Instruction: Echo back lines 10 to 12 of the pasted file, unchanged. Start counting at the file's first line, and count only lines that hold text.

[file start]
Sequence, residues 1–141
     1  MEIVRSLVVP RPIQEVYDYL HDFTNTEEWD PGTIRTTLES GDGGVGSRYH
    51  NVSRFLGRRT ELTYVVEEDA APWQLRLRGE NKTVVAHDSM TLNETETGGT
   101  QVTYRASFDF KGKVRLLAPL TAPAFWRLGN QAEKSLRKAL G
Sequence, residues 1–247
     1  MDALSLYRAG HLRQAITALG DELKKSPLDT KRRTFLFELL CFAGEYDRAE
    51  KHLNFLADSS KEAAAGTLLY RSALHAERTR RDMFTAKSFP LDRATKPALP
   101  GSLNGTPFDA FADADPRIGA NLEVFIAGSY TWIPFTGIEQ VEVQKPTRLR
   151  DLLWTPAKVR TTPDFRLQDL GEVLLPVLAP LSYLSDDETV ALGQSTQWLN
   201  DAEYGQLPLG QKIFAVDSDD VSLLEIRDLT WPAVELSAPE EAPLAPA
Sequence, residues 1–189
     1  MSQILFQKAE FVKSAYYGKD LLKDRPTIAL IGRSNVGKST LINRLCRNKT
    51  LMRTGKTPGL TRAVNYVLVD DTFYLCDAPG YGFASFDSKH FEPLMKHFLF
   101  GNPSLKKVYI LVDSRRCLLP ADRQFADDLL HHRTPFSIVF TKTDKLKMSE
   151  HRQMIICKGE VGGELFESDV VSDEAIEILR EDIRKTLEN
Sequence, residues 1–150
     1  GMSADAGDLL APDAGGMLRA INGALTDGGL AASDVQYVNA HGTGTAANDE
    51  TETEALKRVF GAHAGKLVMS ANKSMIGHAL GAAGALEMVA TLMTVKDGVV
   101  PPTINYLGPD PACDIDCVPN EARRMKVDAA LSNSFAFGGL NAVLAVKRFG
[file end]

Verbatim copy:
   201  DAEYGQLPLG QKIFAVDSDD VSLLEIRDLT WPAVELSAPE EAPLAPA
Sequence, residues 1–189
     1  MSQILFQKAE FVKSAYYGKD LLKDRPTIAL IGRSNVGKST LINRLCRNKT